Bhutto: Symbol of Hope with a Checkered Past Former Prime Minister Benazir Bhutto, twice ousted under suspicion of corruption, is now being hailed as a symbol of hope in Pakistan. Longtime Pakistani journalist Ahmed Rashid weighs the tangled history and uncertain future of an opposition leader.
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Bhutto: Symbol of Hope with a Checkered Past

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Bhutto: Symbol of Hope with a Checkered Past

Bhutto: Symbol of Hope with a Checkered Past

Bhutto: Symbol of Hope with a Checkered Past

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Former Pakistani Prime Minister Benazir Bhutto speaks to the media after breaking through police lines outside her home on Nov. 9 in Islamabad. Warrick Page/Getty Images hide caption

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Warrick Page/Getty Images

As the unrest in Pakistan continues, former Prime Minister Benazir Bhutto is being hailed as a symbol of hope, says Ahmed Rashid, author of Taliban: Militant Islam, Oil and Fundamentalism in Central Asia and a longtime journalist in Pakistan.

Citizen support for Bhutto is strong — but hardly universal — despite her having been twice ousted under suspicion of corruption. Bhutto still faces charges of money laundering in Switzerland and other accusations in Pakistan. "She's had certainly a very mixed past," Rashid reports.

Bhutto is presently under house arrest as the nation remains under a state of emergency declared this month by President Gen. Pervez Musharraf. Police in Pakistan have responded to pro-democracy protesters with tear gas, batons and mass arrests. Bhutto and her supporters have continued to rally the demonstrators and are now said to be working toward a partnership with Nawaz Sharif, the prime minister Musharraf deposed in a 1999 coup. Musharraf has said general elections will take place in January.

Bhutto returned to Pakistan after nearly a decade of self-imposed exile. Rashid argues that not everyone there remembers the former prime minister fondly, but many consider her better than the alternative. "This is the hand that Pakistanis have to play at the moment, against continued military rule," he says.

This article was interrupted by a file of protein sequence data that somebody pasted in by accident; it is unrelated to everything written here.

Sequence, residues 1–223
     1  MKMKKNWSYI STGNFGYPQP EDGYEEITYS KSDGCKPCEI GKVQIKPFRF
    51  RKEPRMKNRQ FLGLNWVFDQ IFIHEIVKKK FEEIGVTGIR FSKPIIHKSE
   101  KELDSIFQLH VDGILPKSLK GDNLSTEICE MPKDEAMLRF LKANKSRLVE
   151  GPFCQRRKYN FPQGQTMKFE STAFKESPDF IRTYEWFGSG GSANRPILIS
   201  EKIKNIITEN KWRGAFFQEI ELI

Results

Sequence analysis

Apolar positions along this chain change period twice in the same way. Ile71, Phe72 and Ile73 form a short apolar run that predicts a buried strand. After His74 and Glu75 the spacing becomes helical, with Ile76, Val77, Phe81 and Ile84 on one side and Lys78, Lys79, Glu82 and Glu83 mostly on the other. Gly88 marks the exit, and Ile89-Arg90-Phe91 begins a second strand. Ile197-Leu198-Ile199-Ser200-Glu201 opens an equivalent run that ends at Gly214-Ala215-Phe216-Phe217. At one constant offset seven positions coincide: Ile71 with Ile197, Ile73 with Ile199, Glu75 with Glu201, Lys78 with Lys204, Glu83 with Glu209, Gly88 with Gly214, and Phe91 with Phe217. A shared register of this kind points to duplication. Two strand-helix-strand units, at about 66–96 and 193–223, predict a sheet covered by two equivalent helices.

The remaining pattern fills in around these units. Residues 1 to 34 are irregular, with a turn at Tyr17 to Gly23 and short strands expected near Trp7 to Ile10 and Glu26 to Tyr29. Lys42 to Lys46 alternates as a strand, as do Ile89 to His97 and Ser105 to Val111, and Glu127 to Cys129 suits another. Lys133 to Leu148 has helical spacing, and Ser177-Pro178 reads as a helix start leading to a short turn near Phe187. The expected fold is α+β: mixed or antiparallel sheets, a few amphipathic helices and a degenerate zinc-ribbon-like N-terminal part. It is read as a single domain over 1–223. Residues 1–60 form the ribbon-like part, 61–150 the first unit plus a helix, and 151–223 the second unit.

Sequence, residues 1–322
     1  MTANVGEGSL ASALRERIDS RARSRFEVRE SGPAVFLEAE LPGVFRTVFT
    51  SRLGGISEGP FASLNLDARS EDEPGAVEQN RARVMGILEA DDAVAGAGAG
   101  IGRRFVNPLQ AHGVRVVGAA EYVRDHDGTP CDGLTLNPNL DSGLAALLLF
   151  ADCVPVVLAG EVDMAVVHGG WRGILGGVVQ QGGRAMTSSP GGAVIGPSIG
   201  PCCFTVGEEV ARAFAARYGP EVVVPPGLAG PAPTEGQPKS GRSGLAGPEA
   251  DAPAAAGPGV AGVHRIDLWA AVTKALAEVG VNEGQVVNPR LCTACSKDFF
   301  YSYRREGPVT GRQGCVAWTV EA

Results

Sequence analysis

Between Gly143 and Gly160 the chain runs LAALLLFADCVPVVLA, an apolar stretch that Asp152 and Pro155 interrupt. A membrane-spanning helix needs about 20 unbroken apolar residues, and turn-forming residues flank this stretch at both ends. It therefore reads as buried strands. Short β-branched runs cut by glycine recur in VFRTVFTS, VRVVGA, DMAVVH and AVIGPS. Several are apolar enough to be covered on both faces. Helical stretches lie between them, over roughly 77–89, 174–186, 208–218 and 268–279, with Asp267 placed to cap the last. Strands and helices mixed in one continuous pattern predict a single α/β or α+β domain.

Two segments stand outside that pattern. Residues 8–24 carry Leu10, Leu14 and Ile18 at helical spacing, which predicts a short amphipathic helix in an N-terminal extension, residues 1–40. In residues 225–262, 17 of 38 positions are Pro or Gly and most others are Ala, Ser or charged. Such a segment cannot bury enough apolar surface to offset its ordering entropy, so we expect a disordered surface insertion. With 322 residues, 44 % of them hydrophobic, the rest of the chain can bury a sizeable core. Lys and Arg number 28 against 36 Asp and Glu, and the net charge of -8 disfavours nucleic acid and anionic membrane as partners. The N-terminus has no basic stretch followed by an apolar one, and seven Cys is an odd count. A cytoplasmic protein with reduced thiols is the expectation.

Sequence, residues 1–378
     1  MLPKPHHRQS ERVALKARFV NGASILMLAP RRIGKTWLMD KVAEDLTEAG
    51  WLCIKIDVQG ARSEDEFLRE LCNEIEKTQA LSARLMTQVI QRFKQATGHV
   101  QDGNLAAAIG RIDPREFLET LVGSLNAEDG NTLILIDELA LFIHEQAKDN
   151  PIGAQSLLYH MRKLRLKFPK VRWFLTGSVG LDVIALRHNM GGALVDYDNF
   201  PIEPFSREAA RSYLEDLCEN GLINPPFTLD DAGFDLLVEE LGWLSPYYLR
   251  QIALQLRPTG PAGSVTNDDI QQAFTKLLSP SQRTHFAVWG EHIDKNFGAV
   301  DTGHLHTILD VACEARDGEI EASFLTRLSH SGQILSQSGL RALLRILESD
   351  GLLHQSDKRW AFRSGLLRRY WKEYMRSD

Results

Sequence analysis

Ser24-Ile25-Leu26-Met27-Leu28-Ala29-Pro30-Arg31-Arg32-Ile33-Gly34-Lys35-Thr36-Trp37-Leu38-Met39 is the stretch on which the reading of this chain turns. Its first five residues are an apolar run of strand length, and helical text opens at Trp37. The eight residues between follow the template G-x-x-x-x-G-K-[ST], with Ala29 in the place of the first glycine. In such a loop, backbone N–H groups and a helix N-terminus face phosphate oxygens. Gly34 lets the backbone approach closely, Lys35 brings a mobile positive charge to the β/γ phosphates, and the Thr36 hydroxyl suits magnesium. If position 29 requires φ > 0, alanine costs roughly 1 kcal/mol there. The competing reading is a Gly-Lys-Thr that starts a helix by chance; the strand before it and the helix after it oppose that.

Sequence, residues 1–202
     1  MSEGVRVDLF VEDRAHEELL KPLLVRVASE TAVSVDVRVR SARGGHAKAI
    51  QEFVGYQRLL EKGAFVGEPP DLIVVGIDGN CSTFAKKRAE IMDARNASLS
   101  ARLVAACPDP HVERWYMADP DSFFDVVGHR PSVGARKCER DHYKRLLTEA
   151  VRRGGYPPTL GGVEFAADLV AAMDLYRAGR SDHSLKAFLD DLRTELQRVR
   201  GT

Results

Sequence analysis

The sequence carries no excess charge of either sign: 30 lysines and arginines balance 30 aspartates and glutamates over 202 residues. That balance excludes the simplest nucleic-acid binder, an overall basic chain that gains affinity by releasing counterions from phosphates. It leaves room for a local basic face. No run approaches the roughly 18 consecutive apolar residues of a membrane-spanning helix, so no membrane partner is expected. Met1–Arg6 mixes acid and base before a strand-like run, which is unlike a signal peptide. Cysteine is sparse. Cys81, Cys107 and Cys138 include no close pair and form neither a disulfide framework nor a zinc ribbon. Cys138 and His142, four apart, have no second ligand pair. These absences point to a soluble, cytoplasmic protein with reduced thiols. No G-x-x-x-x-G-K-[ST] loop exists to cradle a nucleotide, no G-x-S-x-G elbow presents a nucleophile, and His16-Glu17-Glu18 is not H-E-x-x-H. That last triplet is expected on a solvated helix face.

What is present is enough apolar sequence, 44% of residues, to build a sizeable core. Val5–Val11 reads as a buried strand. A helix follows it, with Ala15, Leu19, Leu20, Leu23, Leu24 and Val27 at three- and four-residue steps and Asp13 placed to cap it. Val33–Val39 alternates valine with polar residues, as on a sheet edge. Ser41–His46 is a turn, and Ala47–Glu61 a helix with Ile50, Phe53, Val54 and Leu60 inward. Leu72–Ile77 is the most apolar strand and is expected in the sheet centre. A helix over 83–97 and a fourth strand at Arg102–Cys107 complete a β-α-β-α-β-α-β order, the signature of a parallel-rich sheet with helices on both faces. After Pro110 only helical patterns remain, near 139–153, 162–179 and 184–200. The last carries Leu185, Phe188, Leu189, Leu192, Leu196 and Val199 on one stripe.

Benazir Bhutto Led Tumultuous Life in Politics

NPR's Dina Temple-Raston reports on All Things Considered

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Former Prime Minister Benazir Bhutto returned to Pakistan in October after eight years in exile. Leon Neal/AFP/Getty Images hide caption

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Leon Neal/AFP/Getty Images

Benazir Bhutto took up the mantle of her executed father to twice lead Pakistan as prime minister. She was assassinated Thursday while campaigning to win leadership again and redeem the years she spent in exile. She was 54.

To the outside world, Bhutto represented both the promise and peril of Pakistan. She was the only woman to rise so far in the Islamic nation, where she championed secular rule but also became entangled in the country's culture of corruption.

Bhutto returned to Pakistan in October, after eight years in exile in London and Dubai. She narrowly survived a suicide attack upon her return.

At a rally Thursday before her death, Bhutto alluded to the danger she faced, as she had done on several occasions in recent months.

"I put my life in danger and came here because I feel this country is in danger. People are worried. We will bring the country out of this crisis," Bhutto told supporters in her final speech.

The Harvard and Oxford-educated Bhutto had become an icon in the West, which found it hard to resist the allure of the charismatic female leader of an otherwise male-dominated Islamic nation.

She appeared in a People list of the "World's 50 Most Beautiful People" and in an arrest notice from Interpol, the international police agency on charges of official corruption while in office.